- COVID-19 is a global issue and the endless updates from news outlets and people on social media can be overwhelming.
- Notice how you feel and switch off when you need to.
- Get important information from reliable sources such as the Unite against COVID-19 website.
Remember all the good things in life that aren’t being reported!
If you’re struggling and need to talk
However, if you’re struggling and need to talk, free call or text 1737 to have a chat with a trained counsellor. They’re available for free, day and night.
- The Depression Helpline (0800 111 757)
- Healthline (0800 611 116)
- Lifeline (0800 543 354)
- Samaritans (0800 726 666)
- Youthline (0800 376 633)
- Alcohol Drug Helpline (0800 787 797)
If you’re concerned about someone
If you are concerned someone you care about may be feeling suicidal, it’s important to ask them about this. It is a myth that asking people about suicide might put the idea in their head to try it.
Asking and talking about suicidal thoughts in a supportive and non-judgmental way can support suicidal people to open up and seek help. Ask them clear and direct questions about how they are feeling, and whether they are thinking about taking their life. If they say yes reassure them that you will support them and help them to identify and access the professional support they need.
If you are interested in learning more about how to support people who may be feeling suicidal, there is a free online training course available on the LifeKeepers website.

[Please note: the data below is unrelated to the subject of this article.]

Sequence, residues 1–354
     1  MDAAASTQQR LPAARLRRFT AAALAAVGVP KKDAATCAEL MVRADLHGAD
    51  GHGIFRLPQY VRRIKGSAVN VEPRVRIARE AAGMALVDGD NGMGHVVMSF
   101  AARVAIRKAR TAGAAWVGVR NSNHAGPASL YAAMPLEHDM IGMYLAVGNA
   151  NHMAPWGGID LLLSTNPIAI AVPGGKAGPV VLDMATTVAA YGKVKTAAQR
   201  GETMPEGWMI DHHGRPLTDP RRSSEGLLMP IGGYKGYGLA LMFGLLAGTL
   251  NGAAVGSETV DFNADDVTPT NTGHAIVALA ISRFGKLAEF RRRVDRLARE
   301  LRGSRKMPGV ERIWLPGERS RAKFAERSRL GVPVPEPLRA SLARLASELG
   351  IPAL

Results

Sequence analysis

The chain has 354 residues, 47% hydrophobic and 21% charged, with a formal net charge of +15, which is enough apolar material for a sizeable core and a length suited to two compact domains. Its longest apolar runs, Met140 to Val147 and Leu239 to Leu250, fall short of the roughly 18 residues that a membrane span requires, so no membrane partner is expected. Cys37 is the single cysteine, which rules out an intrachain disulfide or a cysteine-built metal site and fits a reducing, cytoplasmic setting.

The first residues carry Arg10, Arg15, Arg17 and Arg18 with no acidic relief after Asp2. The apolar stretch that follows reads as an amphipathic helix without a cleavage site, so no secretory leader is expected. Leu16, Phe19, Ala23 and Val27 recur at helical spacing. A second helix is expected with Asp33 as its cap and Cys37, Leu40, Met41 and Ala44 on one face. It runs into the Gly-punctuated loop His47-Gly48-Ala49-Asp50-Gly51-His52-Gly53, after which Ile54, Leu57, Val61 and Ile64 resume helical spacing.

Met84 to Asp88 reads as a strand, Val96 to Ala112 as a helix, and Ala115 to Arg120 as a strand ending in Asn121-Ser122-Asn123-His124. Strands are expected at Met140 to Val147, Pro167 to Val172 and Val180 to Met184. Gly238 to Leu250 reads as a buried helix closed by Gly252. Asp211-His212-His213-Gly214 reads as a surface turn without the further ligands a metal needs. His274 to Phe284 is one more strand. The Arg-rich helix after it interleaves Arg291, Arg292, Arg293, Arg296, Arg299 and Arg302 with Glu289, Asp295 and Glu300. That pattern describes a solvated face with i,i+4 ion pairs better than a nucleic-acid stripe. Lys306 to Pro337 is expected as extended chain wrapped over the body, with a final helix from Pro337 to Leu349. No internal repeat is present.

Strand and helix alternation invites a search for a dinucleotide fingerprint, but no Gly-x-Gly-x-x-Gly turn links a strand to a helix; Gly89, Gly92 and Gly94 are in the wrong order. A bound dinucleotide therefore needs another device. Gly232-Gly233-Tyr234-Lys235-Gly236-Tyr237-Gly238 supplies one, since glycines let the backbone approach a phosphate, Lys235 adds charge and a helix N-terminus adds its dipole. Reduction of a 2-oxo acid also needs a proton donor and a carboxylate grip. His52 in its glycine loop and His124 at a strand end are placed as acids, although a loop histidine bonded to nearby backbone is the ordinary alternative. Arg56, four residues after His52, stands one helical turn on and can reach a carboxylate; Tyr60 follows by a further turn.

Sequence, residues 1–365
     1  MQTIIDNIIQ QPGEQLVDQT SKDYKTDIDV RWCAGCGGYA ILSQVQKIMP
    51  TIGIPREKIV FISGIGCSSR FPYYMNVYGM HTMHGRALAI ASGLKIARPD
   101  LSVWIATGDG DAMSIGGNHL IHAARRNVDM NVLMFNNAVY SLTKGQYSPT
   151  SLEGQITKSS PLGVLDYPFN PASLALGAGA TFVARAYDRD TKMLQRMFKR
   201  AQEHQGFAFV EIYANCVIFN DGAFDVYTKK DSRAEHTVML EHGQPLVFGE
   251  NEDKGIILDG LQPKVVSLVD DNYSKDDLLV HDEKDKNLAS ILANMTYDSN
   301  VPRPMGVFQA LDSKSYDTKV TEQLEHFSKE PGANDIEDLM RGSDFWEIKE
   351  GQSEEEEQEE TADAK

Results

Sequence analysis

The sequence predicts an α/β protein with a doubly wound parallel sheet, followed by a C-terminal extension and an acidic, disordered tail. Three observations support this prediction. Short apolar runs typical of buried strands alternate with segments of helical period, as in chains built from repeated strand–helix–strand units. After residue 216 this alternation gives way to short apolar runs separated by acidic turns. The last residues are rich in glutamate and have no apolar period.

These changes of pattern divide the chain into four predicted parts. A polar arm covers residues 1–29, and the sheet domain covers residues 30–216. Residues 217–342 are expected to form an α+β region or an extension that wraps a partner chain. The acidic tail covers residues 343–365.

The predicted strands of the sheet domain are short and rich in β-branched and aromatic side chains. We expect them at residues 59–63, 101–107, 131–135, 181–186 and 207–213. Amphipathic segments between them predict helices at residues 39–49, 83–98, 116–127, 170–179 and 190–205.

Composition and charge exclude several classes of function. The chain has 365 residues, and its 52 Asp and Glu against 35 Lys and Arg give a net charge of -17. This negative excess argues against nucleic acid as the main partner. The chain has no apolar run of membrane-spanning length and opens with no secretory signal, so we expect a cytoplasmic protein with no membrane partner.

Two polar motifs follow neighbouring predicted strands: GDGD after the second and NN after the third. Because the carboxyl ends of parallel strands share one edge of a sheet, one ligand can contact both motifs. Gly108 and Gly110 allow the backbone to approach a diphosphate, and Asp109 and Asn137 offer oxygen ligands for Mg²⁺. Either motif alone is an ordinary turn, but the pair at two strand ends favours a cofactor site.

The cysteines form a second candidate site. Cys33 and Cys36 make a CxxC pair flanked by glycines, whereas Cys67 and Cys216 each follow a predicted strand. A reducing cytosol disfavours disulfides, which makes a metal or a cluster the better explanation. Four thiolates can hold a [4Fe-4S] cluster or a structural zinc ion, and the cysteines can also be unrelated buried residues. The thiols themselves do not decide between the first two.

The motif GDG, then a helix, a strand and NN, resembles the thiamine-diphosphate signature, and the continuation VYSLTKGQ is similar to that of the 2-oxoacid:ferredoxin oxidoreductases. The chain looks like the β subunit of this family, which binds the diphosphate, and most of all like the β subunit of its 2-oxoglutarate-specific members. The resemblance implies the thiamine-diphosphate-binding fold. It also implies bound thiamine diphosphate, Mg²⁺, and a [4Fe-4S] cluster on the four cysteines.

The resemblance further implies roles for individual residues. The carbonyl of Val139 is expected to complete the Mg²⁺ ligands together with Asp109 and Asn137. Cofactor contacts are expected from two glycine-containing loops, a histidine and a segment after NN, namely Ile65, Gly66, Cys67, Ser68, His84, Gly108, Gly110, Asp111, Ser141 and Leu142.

If someone is putting themselves or others in immediate danger, call 111 for assistance.
If you are having suicidal thoughts, please don’t suffer in silence. Seek the support of trusted family members or friends and use the free services referred to above. Every life matters and help is available.
Taking care of children
There may be children or young people in your life who experience distress. As a trusted adult, you can help reassure and educate them about COVID-19 – it can be good to talk to them now, so they can understand the illness and be reassured. If you feel the child or young person is getting distressed through this conversation, reassure them and end it.
Children react to stress differently than adults – they may withdraw or behave in a more ‘babyish’ way, seem anxious or clingy, be preoccupied with illness in their play or drawing, have problems sleeping or nightmares, or may get physical symptoms such as stomach aches or headaches.
Tips for supporting children and young people
- Reassure them they are safe.
- Encourage them to talk about how they feel.
- Tell them they can ask questions and answer these in plain language appropriate to their age – be honest but avoid details that may distress or cause anxiety.
- Tell them that feeling upset or afraid is normal, that it’s good to talk about it and that they’ll feel better soon.
- Be understanding – they may have problems sleeping, throw tantrums or wet the bed – be patient and reassuring if this happens. With support and care, it will pass.
- Give your children extra love and attention.
- Remember that children look to their parents to feel safe and to know how to respond – reassure them, share that you are upset too but that you know you will all be fine together.
- Try to keep to normal routines – mealtimes, bedtimes etc – allow them to burn off their energy.
However, if a child’s distress is escalating or they are displaying any worrying behaviours (such as extreme withdrawal, terror that you cannot comfort them from), seek help early.
Call or text 1737 to talk with a trained counsellor for free, 24 hours a day, 7 days a week.